Threat actors are taking advantage of tax season to target both individuals and enterprises with tax scam attacks.
As reported by Dark Reading, these scams ramp up as tax deadlines loom but can potentially exploit victims’ data month after month or year after year. And while private citizens remain easy targets for malicious actors — Forbes noted that 143 million “negative robocalls” were made on tax day in 2018 — recent IBM research revealed that attackers are now using tax-themed campaigns to subvert corporate security policies.
Tax Scam Tactics
Cybercriminals are taking steps to make enterprise-level scam emails seem entirely legitimate. It starts with typosquatting to create fake payroll and tax service domains and bolster the “from” field by mimicking common corporate email address formats. Email bodies are brief but well-written, while the signature includes popular business components, such as names, job titles, contact numbers and mock footers. Infected attachments — typically filled with TrickBot malware — round out these messages.
At scale, these scams pose a real problem: If even one corporate recipient is fooled, threat actors could gain access to critical network resources.
Watch Out for Malicious Tax Apps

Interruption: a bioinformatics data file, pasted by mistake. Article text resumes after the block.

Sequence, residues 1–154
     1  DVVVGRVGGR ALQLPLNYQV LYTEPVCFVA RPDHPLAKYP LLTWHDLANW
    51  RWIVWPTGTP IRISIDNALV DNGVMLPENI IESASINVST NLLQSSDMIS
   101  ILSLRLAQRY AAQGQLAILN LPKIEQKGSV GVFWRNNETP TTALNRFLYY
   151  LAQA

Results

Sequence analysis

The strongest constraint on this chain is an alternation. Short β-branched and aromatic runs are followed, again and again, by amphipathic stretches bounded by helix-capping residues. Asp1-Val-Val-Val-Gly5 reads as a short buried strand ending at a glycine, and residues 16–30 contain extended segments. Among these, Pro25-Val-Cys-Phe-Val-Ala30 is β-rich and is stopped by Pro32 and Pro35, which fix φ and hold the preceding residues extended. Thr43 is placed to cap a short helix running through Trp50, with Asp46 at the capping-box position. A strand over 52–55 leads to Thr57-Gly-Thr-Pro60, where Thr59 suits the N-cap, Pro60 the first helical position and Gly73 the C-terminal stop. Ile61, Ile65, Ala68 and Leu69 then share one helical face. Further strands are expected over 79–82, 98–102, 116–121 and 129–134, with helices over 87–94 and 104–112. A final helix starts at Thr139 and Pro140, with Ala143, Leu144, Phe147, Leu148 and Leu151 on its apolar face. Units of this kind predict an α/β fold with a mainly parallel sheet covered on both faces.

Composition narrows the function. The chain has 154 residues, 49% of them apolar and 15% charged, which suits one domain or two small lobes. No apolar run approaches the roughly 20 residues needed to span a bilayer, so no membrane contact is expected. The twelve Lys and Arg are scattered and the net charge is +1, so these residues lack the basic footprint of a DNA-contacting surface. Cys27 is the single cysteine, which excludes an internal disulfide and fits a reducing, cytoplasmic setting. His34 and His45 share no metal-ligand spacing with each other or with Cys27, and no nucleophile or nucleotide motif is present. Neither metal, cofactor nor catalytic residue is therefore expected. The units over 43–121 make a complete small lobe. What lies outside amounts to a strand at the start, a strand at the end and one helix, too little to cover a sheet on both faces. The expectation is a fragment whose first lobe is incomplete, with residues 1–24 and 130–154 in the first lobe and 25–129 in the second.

Application-driven tax fraud is also on the rise. Given the sheer number of mobile apps now available, it’s no surprise that malware makers created their own versions of popular tax-filing apps. As Dark Reading pointed out, the apps often “impersonate popular tax-filing services to get people to give up sensitive data.”
Here, key indicators of potential issues include limited or missing developer information along with excessive permission demands. With more than 90 percent of tax returns now being prepared electronically, app control needs to be on the corporate IT radar. Otherwise, remote users or those using company networks for personal business could expose critical services to undue risk.
How to Evade a Costly Tax Scam
Once tax scammers have their hands on personal or corporate data, it’s a gift that keeps on giving. Attackers can use this information to redirect returns, open new credit accounts and generally cause havoc for months or years after initial compromise takes place.
According to IBM security experts, evading these tax tricks starts with the basics: Make sure macros are disabled by default in Office and ensure antivirus tools are capable of detecting and defeating TrickBot.
User education also plays a role. During scam season, it’s worth reminding staff that the IRS never communicates via email and supposed tax attachments from payroll or accounting services should always be vetted before opening.